Brady became chair of Fisk’s chemistry department, where he made perhaps his greatest impact as a chemist, mentor and leader. Over the next 25 years, he transformed the department at this leading HBCU. He taught general and organic chemistry to hundreds of students. He assembled an outstanding chemistry faculty and developed an undergraduate curriculum. In honor of his mentor, he began the Talley Lectures, which drew many famous chemists to Fisk. He obtained funds for one of the first infrared spectrophotometers and in collaboration with the University of Illinois established a summer program in infrared spectroscopy that was open to faculty from all colleges and universities. In conjunction with the physics department at Fisk, the famed Infrared Spectroscopy Institute was founded.
Brady also continued his own research at Fisk. His investigations resulted in a number of publications, including a 1938 paper on phytochemicals in magnolia seeds in The Journal of the American Pharmaceutical Association, a 1939 paper on the reactions of ricinoleic acid in the Journal of the American Chemical Society, and a 1951 paper on the preparation of 1,1-dichloroheptane in Proceedings of the Oklahoma Academy of Science.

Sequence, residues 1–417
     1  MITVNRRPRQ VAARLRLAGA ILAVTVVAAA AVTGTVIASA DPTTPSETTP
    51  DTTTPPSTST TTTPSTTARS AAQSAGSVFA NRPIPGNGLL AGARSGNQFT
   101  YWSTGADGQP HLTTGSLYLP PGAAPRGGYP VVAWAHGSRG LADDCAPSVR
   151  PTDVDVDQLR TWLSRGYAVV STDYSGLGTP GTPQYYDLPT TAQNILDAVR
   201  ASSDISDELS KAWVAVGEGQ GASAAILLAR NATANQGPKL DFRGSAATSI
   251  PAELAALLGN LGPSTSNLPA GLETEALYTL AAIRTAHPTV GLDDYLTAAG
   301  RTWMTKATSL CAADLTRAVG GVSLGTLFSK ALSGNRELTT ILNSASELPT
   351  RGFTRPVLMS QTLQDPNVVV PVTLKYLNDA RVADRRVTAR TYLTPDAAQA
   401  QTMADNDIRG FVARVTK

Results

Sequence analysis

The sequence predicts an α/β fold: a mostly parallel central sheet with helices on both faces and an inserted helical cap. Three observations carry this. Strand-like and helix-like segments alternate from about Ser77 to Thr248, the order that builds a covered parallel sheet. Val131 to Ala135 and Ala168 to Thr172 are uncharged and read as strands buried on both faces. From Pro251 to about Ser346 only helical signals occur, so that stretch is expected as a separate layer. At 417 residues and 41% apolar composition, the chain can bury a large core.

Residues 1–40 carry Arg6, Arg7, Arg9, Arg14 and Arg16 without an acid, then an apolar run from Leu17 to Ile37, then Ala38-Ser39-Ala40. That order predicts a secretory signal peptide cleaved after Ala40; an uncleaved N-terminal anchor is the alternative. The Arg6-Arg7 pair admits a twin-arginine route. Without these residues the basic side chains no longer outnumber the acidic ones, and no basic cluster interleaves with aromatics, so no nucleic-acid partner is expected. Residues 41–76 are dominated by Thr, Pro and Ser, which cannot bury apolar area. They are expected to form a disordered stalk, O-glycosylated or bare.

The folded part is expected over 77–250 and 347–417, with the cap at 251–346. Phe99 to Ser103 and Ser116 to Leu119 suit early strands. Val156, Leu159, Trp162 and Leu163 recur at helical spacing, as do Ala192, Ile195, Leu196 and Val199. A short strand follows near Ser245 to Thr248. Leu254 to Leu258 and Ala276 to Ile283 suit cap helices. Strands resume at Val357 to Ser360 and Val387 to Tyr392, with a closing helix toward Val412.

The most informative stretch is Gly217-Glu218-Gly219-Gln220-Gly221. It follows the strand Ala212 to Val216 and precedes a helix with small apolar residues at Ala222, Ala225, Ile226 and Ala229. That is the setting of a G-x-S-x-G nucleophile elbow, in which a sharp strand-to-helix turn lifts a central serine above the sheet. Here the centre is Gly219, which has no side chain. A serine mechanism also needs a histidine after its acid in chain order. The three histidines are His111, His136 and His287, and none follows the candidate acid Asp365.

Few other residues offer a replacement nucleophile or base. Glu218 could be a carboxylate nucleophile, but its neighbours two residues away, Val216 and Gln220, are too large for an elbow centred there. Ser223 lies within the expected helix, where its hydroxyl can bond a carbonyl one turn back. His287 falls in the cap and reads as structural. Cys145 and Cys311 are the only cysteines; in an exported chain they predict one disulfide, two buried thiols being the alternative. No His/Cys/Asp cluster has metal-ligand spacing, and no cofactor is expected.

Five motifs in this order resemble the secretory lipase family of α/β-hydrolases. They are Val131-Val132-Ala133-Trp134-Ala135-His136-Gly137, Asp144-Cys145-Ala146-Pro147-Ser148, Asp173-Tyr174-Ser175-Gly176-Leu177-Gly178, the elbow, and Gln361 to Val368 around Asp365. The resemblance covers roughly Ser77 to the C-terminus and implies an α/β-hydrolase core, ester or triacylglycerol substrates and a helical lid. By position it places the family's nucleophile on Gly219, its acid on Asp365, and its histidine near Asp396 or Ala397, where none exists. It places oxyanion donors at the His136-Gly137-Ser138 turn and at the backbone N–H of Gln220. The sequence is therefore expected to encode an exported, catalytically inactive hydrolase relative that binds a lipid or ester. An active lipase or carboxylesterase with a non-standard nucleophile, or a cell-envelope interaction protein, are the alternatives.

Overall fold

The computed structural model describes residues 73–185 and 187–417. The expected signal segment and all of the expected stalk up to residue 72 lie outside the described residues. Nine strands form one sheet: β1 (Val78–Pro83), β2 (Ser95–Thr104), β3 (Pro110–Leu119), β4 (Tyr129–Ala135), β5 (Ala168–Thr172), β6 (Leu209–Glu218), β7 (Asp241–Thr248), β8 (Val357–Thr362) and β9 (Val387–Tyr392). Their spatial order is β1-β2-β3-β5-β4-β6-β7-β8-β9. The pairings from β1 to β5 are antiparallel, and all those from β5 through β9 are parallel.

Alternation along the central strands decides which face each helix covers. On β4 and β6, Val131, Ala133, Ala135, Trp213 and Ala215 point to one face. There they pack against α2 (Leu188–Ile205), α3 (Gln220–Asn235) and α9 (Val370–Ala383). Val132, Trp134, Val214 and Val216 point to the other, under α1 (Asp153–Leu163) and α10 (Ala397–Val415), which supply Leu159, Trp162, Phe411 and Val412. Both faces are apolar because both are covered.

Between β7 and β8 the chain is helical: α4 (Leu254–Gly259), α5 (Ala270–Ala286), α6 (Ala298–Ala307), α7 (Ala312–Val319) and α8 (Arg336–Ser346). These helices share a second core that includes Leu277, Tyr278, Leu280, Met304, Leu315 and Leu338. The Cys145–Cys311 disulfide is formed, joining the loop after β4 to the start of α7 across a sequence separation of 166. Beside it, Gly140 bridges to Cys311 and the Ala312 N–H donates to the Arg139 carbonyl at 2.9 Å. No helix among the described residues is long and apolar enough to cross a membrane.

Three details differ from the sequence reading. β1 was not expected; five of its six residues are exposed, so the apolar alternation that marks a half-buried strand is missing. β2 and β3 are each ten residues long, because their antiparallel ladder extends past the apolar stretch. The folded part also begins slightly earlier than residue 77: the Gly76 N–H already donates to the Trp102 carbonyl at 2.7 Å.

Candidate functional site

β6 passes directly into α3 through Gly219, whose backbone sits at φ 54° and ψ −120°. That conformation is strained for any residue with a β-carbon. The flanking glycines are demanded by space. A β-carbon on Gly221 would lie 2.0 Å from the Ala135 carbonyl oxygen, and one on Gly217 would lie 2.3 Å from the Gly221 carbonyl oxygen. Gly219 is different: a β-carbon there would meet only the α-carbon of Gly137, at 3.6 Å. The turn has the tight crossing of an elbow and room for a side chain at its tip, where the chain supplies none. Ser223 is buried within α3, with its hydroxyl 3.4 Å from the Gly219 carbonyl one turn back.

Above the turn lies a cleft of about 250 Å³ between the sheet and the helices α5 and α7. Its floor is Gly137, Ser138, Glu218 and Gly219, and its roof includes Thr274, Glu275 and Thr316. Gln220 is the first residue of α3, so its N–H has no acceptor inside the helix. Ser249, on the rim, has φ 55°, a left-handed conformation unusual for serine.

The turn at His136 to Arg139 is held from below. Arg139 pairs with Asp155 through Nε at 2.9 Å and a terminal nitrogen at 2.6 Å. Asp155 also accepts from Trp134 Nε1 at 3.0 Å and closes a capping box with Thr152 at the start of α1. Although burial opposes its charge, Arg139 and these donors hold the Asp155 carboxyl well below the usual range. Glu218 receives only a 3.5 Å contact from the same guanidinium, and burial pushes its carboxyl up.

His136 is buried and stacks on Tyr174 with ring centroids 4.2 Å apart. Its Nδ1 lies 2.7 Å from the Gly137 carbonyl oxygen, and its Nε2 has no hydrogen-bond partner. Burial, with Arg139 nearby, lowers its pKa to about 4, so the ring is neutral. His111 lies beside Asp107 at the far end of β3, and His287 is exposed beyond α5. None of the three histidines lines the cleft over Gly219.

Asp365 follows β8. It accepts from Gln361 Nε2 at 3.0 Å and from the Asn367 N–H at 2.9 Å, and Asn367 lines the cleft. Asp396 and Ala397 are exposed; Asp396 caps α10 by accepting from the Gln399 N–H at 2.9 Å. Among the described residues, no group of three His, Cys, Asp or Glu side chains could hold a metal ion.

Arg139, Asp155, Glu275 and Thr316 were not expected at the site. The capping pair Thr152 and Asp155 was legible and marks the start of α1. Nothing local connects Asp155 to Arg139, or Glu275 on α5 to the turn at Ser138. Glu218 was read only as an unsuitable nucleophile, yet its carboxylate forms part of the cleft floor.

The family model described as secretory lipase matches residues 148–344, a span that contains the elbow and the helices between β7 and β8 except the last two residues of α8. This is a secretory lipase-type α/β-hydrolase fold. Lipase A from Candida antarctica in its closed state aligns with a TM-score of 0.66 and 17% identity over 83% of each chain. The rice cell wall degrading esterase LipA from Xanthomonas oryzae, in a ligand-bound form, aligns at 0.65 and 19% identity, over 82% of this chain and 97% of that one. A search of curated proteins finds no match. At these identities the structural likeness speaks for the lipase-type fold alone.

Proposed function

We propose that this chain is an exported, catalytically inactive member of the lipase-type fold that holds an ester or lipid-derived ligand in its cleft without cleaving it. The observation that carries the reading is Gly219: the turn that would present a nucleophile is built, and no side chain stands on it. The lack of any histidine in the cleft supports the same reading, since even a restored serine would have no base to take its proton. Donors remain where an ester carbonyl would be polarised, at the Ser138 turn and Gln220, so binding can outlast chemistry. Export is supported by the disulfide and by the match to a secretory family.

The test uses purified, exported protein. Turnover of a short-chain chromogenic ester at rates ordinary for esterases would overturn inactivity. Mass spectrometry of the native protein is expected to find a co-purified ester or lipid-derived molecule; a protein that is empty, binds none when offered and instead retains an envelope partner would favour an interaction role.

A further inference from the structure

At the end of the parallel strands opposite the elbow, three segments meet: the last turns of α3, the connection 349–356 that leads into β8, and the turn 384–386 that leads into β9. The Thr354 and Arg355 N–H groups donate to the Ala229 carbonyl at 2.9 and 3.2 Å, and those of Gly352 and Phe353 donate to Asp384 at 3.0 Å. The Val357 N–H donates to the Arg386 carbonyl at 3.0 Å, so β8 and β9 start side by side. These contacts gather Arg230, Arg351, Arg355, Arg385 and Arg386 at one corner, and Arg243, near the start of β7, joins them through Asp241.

In one of his most lasting contributions to Fisk, he coordinated construction of the first modern chemistry building at an HBCU. The building opened in 1931, only four years after his return and five years before the new facility at Howard, which he helped raise funds for, was complete.
The Fisk facility now bears the name Talley-Brady Hall and is on the U.S. National Park Service’s National Register of Historic Places. The 36,500-square foot building contains teaching and research laboratories, classrooms and faculty offices. Today, hundreds of science, technology, engineering and mathematics (STEM) students pass through Talley-Brady Hall’s doors each day to take general chemistry or organic chemistry, or to work in one of the research labs.
Brady’s quarter-century of dedication in building an outstanding chemistry department helped lay the groundwork for Fisk’s reputation today as one of the leading producers of African- Americans in STEM.
After retiring from Fisk, Brady spent 14 years collaborating with educators at Tougaloo College in Jackson, Mississippi, to help build their chemistry department. “With a puff of his pipe and a twinkle in his eye, he rolled up his sleeves and began to build again,” Massie recalled. “And as at Tuskegee, Howard and Fisk, soon there arose another building, another good undergraduate program, another good chemistry faculty.” While at Tougaloo, he continued his laboratory studies of substances from privet plants. He was the first American to engage in such a study, which was aimed at developing a cancer and malaria treatment from privet berries.